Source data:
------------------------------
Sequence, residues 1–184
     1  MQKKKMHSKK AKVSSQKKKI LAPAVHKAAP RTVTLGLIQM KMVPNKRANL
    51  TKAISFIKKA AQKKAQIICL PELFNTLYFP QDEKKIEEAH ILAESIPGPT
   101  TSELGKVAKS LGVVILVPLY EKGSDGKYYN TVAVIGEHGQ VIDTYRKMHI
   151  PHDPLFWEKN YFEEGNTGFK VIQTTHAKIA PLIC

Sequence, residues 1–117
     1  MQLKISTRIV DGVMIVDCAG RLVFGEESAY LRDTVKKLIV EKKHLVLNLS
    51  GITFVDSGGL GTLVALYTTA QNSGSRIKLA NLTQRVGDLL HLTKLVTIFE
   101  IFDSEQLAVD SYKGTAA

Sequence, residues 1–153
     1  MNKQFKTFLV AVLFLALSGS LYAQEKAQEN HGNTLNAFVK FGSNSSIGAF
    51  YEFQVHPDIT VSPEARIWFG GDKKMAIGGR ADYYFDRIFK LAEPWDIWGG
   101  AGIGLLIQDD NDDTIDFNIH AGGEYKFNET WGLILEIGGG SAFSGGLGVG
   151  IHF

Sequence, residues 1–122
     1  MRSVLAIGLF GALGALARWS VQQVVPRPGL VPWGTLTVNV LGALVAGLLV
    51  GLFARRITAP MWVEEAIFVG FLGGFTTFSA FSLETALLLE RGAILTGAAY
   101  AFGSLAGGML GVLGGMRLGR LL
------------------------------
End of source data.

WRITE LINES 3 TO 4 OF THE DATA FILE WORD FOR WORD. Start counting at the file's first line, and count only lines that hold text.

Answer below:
    51  TKAISFIKKA AQKKAQIICL PELFNTLYFP QDEKKIEEAH ILAESIPGPT
   101  TSELGKVAKS LGVVILVPLY EKGSDGKYYN TVAVIGEHGQ VIDTYRKMHI